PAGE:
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Issue 14 – Christmas 2022


McCarey’s Creed

On the director.


It is a curious thing to be a cinephile before you are a grownup. The temptation to emulate what you see on screen is always immense, and, in my case, so was the urge to take on the characteristics of those great men behind the camera who called “action” and “cut.” For me, discovering a new director was a bit like trying on a new coat. With or without the new garment, you were still you, but when you had it on, you carried yourself differently: a red jacket made you feel like James Dean, a Burberry raincoat, a bit like Lane Coutell in Franny and Zooey. So, when I watched a director’s work for the first time, it was natural to adopt their attitude towards the world: John Ford’s irascible cussedness or Howard Hawks’s nonchalant ease.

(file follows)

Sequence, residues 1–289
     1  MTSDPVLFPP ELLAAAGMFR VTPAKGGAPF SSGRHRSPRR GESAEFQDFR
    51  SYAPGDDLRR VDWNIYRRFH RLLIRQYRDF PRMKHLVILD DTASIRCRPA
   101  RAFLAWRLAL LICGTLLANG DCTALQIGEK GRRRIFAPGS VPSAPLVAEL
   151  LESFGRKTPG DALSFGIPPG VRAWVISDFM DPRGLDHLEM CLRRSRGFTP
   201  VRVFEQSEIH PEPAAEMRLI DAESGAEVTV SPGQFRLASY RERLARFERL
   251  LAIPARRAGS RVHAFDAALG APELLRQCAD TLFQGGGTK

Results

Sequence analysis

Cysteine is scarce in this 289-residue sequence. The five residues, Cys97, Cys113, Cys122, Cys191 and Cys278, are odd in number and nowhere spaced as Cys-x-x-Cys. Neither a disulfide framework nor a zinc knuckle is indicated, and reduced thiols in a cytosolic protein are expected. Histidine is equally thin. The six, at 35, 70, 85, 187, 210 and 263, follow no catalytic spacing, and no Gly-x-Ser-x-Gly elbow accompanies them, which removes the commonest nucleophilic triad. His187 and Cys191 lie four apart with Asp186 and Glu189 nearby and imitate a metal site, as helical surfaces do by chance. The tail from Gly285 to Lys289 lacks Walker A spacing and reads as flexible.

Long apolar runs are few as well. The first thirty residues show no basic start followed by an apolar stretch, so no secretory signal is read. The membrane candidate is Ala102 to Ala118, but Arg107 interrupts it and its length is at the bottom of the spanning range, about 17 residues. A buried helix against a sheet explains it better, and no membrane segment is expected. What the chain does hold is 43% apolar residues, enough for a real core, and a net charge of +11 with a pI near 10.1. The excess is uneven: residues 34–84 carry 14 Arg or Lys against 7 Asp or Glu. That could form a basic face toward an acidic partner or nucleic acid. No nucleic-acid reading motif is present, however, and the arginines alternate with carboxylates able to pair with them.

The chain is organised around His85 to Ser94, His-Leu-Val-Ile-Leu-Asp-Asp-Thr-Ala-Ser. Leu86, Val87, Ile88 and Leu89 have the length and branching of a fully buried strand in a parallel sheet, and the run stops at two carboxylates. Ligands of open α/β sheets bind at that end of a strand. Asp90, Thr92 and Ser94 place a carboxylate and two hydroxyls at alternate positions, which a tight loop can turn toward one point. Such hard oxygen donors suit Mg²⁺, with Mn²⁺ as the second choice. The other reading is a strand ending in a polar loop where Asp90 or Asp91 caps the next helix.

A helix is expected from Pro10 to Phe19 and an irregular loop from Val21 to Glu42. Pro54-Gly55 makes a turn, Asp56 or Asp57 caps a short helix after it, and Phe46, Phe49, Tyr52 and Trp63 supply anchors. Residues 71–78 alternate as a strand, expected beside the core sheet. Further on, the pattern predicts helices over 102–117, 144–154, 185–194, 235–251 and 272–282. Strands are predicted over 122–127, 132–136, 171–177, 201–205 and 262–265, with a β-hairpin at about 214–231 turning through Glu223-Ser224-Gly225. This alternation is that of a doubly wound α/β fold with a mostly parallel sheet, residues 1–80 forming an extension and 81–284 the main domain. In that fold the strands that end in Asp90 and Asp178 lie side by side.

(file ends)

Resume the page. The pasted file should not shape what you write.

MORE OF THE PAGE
When I was an adolescent, I was drawn mainly to these manly, mercurial types as my directorial heroes. If I could have hung any movie poster in my bedroom when I was a teenager, it would have been the one for Hawks’s final Western with John Wayne, the tough, sinewy, invigoratingly unembellished Rio Lobo. On the poster, the following text appears above a silhouetted image of Wayne bearing a gun: “Give ’Em Hell, John.” What American male between the ages of thirteen and twenty could resist those words as an anthem?

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About the author

Peter Tonguette

Peter Tonguette writes for the American Conservative, National Review, the Wall Street Journal, the Washington Examiner, and many other publications.